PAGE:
Modelling Variation in Fertility Rates using Geographically Weighted Regression

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    Australia is one of the largest countries in the world, and also one of the most urbanised. At the national level it can be characterised as a country with low fertility and high income per capita. However, there are significant geographic inequalities between different areas of the country in terms of fertility rates as well as education levels, income and employment opportunities. In this paper, we use birth registration and Census data to explore the spatial variation of fertility in Australia and how it relates to compositional and contextual characteristics of places. Geographically weighted regression allows us to analyse the spatial relationships and identify the geographical variability in the fertility experience of Australian women. We find substantial variation with some areas having a total fertility rate well above or below the national average. Around metropolitan areas much of the variation can be explained by differences in the socio-economic composition of the local population. However in more rural or remote parts of the country, understanding the variation in fertility is more difficult.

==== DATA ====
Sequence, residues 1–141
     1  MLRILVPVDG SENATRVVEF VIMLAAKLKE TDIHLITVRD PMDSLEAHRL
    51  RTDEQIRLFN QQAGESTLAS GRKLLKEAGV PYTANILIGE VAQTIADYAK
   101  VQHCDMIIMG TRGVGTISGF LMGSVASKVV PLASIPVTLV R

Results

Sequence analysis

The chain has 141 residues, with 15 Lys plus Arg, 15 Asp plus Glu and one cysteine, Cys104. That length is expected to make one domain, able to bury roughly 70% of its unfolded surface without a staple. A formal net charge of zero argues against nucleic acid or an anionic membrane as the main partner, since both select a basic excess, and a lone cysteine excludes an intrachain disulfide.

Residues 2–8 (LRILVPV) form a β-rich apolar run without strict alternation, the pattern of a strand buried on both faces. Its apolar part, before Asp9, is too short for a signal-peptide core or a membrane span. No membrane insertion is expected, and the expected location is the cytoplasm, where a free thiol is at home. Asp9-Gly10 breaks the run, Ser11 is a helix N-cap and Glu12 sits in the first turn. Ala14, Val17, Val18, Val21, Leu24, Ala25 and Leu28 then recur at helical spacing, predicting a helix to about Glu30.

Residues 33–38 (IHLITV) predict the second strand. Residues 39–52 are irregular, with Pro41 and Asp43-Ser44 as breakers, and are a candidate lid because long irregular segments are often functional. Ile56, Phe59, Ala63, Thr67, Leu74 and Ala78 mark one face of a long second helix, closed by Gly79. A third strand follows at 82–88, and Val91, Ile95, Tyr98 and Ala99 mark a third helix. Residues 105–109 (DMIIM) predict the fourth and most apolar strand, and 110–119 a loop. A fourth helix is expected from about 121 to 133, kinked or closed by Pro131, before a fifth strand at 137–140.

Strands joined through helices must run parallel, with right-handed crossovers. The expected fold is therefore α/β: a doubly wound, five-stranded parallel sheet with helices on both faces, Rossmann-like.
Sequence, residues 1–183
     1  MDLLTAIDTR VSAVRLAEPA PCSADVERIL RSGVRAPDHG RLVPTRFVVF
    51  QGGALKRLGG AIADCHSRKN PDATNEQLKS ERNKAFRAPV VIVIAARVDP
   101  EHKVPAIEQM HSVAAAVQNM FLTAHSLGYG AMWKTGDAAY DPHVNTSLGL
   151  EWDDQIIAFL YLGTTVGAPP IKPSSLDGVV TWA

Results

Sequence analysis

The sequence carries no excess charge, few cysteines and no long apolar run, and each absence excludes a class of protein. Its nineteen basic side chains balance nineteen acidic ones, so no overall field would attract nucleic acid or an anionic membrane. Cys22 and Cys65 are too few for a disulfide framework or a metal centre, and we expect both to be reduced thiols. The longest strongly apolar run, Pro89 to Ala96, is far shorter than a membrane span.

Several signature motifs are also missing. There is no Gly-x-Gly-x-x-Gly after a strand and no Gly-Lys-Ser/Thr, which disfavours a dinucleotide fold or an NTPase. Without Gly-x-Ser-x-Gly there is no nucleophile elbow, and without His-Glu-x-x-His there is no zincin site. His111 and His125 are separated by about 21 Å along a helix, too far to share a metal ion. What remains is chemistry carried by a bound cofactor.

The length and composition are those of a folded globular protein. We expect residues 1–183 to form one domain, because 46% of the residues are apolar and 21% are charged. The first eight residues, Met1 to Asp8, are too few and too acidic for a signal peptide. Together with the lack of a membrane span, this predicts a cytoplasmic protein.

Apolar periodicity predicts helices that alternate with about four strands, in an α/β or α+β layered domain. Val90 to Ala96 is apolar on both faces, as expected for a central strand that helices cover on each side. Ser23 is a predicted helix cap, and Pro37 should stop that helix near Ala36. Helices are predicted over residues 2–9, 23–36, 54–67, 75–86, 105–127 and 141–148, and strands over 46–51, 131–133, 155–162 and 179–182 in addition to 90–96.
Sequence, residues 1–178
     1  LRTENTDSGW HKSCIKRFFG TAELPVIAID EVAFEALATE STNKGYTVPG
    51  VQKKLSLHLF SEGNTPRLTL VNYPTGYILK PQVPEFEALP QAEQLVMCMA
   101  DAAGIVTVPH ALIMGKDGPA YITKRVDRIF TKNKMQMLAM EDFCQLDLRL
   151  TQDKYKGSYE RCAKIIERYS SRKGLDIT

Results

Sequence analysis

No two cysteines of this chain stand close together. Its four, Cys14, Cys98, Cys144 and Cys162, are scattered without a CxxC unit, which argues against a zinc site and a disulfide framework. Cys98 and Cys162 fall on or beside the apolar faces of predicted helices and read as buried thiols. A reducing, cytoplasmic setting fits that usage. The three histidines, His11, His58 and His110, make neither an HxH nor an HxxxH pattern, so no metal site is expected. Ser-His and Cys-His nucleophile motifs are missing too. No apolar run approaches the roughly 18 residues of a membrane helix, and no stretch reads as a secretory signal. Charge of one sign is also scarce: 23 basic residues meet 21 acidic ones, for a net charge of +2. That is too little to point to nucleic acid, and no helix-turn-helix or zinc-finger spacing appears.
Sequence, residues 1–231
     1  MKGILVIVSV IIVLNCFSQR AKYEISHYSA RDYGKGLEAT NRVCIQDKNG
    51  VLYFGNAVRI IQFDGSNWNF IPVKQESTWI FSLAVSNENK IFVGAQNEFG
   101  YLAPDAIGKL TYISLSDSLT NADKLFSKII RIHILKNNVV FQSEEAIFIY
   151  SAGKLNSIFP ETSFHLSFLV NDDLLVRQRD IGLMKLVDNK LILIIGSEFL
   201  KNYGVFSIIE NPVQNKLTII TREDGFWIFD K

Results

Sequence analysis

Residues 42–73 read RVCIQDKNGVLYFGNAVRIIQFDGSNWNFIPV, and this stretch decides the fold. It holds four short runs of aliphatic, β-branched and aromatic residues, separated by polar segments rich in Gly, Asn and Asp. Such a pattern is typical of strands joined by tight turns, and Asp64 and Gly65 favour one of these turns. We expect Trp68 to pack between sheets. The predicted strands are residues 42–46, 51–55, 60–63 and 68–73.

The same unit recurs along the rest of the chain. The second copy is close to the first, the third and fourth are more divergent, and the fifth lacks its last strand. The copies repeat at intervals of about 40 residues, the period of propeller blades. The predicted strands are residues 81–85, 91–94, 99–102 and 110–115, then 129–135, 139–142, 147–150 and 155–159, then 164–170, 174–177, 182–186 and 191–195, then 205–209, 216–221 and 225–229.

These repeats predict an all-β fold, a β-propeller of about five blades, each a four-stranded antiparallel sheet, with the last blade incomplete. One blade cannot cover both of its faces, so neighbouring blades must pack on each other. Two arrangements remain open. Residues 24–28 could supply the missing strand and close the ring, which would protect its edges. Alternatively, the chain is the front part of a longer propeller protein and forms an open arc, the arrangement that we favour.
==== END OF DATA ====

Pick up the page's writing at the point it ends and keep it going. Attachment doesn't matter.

Original languageEnglish
    Pages (from-to)121-140
    JournalSpatial Demography
    Issue number2
    Publication statusPublished - 2018


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